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To All The Profs I’ve Loved Before

A little more than ten years ago, when asked what I wanted to be when I grow up. I cheerfully say “I want to be a teacher”. It was in the late years of elementary I decided not to be one because realized I will never ever possess the required patience of the job.

I remember not having a favorite person from the faculty in grade school and high school. Though I must thank my Language and Phoenix, and Reading Comprehension teachers in grade school. They made a mean grammarnazi out of me. They pre-arranged my love for books and the creepy silence of the library. They made reading and writing a leisure – from which I decided to quit Language and Literature in college, fearing I won’t be reading and writing the same way again.

I owe “Thank you” to my Values teacher in high school who required the entire class to read Antoine de Saint Exupery’s The Little Prince and made me read aloud my analysis of each chapter. Those were the earliest Barthes exercises, I guess. And to my fourth year English teacher who made me speak of 19th century literature. I felt amazing presenting in class that George Elliot was actually Mary Ann Evans and so other literary trivia. It felt like disclosing Illuminati secrets in national TV. I was an awesome geek. And I owe another word of gratitude to my fourth year adviser who gave our class daily dosage of the chill pill. She taught us to let loose and be fun midst the stress and pressure of finding a good college.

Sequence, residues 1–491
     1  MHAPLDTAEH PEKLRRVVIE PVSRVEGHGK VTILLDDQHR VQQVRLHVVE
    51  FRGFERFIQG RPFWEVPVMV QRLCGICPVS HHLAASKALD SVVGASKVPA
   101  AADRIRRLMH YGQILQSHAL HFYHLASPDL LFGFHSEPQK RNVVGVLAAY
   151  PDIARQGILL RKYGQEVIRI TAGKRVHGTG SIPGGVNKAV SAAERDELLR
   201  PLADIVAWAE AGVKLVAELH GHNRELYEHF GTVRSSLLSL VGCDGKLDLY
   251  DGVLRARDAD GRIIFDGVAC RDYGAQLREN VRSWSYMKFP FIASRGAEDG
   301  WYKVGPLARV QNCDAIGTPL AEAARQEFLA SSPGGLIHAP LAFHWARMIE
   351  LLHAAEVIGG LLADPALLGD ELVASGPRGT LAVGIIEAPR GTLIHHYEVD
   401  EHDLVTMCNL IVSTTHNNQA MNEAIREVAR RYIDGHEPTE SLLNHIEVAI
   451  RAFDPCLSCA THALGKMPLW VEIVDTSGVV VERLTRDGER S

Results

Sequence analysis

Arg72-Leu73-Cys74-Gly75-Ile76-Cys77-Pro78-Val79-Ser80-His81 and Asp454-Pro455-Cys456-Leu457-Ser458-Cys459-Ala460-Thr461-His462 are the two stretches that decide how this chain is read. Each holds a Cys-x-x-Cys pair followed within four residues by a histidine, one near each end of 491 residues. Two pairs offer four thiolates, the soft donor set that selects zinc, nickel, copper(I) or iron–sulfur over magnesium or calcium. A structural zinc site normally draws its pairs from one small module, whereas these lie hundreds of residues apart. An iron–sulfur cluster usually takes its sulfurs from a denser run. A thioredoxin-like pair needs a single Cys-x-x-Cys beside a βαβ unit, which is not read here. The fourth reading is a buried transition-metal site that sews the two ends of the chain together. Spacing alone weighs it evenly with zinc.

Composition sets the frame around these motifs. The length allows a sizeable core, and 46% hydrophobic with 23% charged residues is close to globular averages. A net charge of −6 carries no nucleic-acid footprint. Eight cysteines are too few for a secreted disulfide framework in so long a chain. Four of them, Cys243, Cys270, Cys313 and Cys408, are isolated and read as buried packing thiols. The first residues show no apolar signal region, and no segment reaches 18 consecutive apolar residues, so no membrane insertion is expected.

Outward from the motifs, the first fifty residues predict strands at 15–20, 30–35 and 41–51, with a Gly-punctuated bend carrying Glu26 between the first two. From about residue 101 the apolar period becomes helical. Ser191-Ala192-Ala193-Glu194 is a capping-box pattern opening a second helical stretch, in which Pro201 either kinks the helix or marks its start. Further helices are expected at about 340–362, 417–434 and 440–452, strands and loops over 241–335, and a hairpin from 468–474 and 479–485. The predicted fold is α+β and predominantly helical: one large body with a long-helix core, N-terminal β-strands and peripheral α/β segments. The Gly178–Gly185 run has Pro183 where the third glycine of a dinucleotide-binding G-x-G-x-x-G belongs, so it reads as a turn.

Then came college, which was a lot different. Spending it in UP made it complicated. I had to juggle academics and extra curricular activities. Not to mention, UP is a microcosm of society. There are different communities and you get to interact and deal with them one way or another. My professors made the whole journey more than bearable. The varied approaches of learning made learning itself interesting. Along the way, what I initially found complicated, I eventually deemed enthralling. UP paved the way for the real world. My professors did.

Yes, UP profs, They laid out facts, opened possibilities. They taught me that matters should be viewed like a a kaleidoscope. It should be seen in different perspectives to get a better understanding. And you take everything and every angle with it – the bad and the good, the beautiful and the ugly. They taught me that it’s the same thing with life. You can look at it whichever way you desire, but you have to accept it with all its positive and negative aspects. Use whatever is too much to make up for the less. Balance what makes you feel bad with what makes you feel better. Seek knowledge for that you lack understanding of. Take challenges as lessons.

With this, I certainly owe them more than thank you’s.

*This post makes me want to go back to school. Seriously.

Day 26: Dear P,

Our pre-school yearbook is a narrative of how our story began. Our high school yearbook can attest to how much we have changed. But stories need not always be inscribed in pages. Memories need not always be in photos.

Change, growth, maturity – they actually came after sheets were bound.

Day 19: Dear N,

I remember you as one of the people who worried too much about me going some place else for college. You used to warn me of the climate and scares of the city. You told me I was a stubborn kid for pushing through.

You used to call me at exactly twelve noon every midweek. But gradually, they declined, until I never get to talk to you again.

Nobody knows where you are now.